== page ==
The figures put the Muslim Brotherhood's Freedom and Justice Party in the lead, as expected, but also showed the Salafist hardline Islamists netting a surprise 25 percent of the vote.
The reaction in the Israeli press was clear: "It's even worse than expected," one security agency official told the top-selling Yediot Aharonot.
"What was once a danger has become a threat," the newspaper itself commented.
An Israeli government official told AFP that the emerging election results vindicated the Jewish state's cautious approach to the Arab Spring of revolts against autocratic rulers.
The success of Islamist candidates, many with unabashedly anti-Israeli platforms, showed it was naive to hold Israel responsible for its isolation, as US Defence Secretary Leon Panetta suggested on Friday, he argued.
Panetta said the Jewish state needed to do more to "mend fences" with former allies like Turkey and called on Israel to "just get to the damn table" when it came to peace talks with the Palestinians.
But the Israeli official's reaction said "those who attribute our isolation to the absence of negotiations with the Palestinians lack insight."
"Even if there were negotiations with the Palestinians, that would not at all affect the hostility and the hate the Islamists and other Salafists feel for us," he said.
Despite the concerns, Israeli officials have been at pains to say that their landmark 1979 peace deal with Egypt should not be considered at risk.
Yitzhak Levanon, the outgoing Israeli ambassador to Cairo, said Sunday that he could not foresee "in coming months" any scrapping of the deal which made Egypt the first Arab state to make peace with Israel.
Prime Minister Benjamin Netanyahu said the treaty remains in the interest of Egypt as well as of its neighbours.
"We hope that any government to be formed in Egypt will recognise the importance of keeping the peace treaty with Israel, as a value of its own and as a foundation to the financial and security stability of the region," he said on Sunday.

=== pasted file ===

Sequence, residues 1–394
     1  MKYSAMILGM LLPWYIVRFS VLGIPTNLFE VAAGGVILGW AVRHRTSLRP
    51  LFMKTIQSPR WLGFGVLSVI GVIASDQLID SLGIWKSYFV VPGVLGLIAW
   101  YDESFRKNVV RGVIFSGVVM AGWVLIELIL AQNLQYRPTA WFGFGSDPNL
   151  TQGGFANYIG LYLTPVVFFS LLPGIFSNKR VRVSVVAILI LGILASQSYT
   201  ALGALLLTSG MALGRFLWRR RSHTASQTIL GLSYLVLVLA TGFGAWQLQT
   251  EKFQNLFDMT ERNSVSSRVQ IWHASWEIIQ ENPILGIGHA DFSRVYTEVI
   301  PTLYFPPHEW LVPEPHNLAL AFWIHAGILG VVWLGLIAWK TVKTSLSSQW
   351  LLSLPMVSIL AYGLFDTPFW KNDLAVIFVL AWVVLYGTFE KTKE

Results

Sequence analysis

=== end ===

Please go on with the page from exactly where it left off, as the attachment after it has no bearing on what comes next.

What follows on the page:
But Israeli officials say they do not expect to see Washington sanction Egypt by freezing aid to Cairo if the next government is formed by Islamist parties.
"The Egyptian people want change. If the Americans stop giving their aid, the Egyptians will find other sources, for example by raising the price of passage for ships through the Suez Canal," Levanon said.
On Saturday, Defence Minister Ehud Barak said the Egyptian results were "very worrying," but added it was "premature to say how these changes will affect the region."
"I hope that any government that will be formed in Egypt will have no other choice but to respect its international commitments including the peace treaty with Israel," he told Channel 10 television.
The results of the first phase of Egypt's vote were, however, warmly welcomed by the Hamas movement, a Palestinian Islamist group born of the Egyptian Muslim Brotherhood.
"It is a very good result... It will mean more and more support for Palestinian issues," Hamas spokesman Fawzi Barhum told AFP on Saturday. "The relationship of the next regime in Egypt with the Palestinians will be very good."
1. Israel's Prime Minister Netanyahu listens to Finance Minister Steinitz during a session of the Knesset in Jerusalem
2.Boehner's comments came after talks with Israel's ambassador to Washington
3. Israel seized control of the Old City of Jerusalem in 1967
4.Hillary Clinton hosts peace talks with leaders of Israel and Palestine in Washington, DC
5. Benjamin Netanyahu addresses the annual American Israel Public Affairs Committee (AIPAC) policy conference in Washington
6.Clinton said Washington would work intensively to break the Israel-Palestinian peace impasse
7. Egyptians wave national flags during a rally in support of the ruling supreme council of the armed forces, SCAF, at Abbasiya Square, in Cairo, Egypt, Friday, Dec. 2, 2011. Islamists appear to have taken a strong majority of seats in the first round of Egypt's first parliamentary vote since Hosni Mubarak's ouster, a trend that if confirmed would give religious parties a popular mandate in the struggle to win control from the ruling military and ultimately reshape a key U.S. ally. Arabic on the ba